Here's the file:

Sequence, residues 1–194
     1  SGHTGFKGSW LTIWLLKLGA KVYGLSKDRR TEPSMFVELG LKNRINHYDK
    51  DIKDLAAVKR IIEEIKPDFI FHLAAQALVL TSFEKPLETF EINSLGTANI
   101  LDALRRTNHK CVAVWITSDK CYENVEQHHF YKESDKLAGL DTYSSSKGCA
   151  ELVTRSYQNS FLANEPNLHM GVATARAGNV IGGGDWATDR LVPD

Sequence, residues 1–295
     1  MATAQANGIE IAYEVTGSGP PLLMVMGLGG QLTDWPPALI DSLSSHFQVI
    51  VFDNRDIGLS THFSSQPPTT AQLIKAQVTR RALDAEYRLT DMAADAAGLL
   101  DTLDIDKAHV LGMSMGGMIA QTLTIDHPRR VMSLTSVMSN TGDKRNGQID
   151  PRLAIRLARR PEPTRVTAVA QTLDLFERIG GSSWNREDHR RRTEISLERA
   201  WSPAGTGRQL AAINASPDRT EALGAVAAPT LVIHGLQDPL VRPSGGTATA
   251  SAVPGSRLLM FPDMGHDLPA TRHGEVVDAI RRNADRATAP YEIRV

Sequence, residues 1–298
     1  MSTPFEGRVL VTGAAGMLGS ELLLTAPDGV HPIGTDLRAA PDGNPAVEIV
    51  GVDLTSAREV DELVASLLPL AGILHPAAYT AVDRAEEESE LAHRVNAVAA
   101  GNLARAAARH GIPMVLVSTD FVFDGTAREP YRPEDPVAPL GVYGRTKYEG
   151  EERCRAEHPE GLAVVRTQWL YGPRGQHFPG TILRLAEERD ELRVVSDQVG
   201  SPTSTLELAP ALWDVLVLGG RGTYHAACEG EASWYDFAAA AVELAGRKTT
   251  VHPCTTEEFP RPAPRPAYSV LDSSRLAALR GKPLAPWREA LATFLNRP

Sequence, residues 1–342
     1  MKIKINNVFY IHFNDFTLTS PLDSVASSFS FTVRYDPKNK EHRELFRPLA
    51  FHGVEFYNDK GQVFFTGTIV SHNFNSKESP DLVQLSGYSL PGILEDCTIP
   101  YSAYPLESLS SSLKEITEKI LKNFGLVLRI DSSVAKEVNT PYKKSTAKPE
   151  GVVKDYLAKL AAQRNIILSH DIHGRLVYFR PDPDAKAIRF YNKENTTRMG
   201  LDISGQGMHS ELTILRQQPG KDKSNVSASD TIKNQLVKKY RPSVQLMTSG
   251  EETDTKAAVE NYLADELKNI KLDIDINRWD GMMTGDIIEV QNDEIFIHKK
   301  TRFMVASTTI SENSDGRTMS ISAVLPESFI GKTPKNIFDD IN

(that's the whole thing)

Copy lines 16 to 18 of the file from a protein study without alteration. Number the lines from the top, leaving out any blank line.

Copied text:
   101  GNLARAAARH GIPMVLVSTD FVFDGTAREP YRPEDPVAPL GVYGRTKYEG
   151  EERCRAEHPE GLAVVRTQWL YGPRGQHFPG TILRLAEERD ELRVVSDQVG
   201  SPTSTLELAP ALWDVLVLGG RGTYHAACEG EASWYDFAAA AVELAGRKTT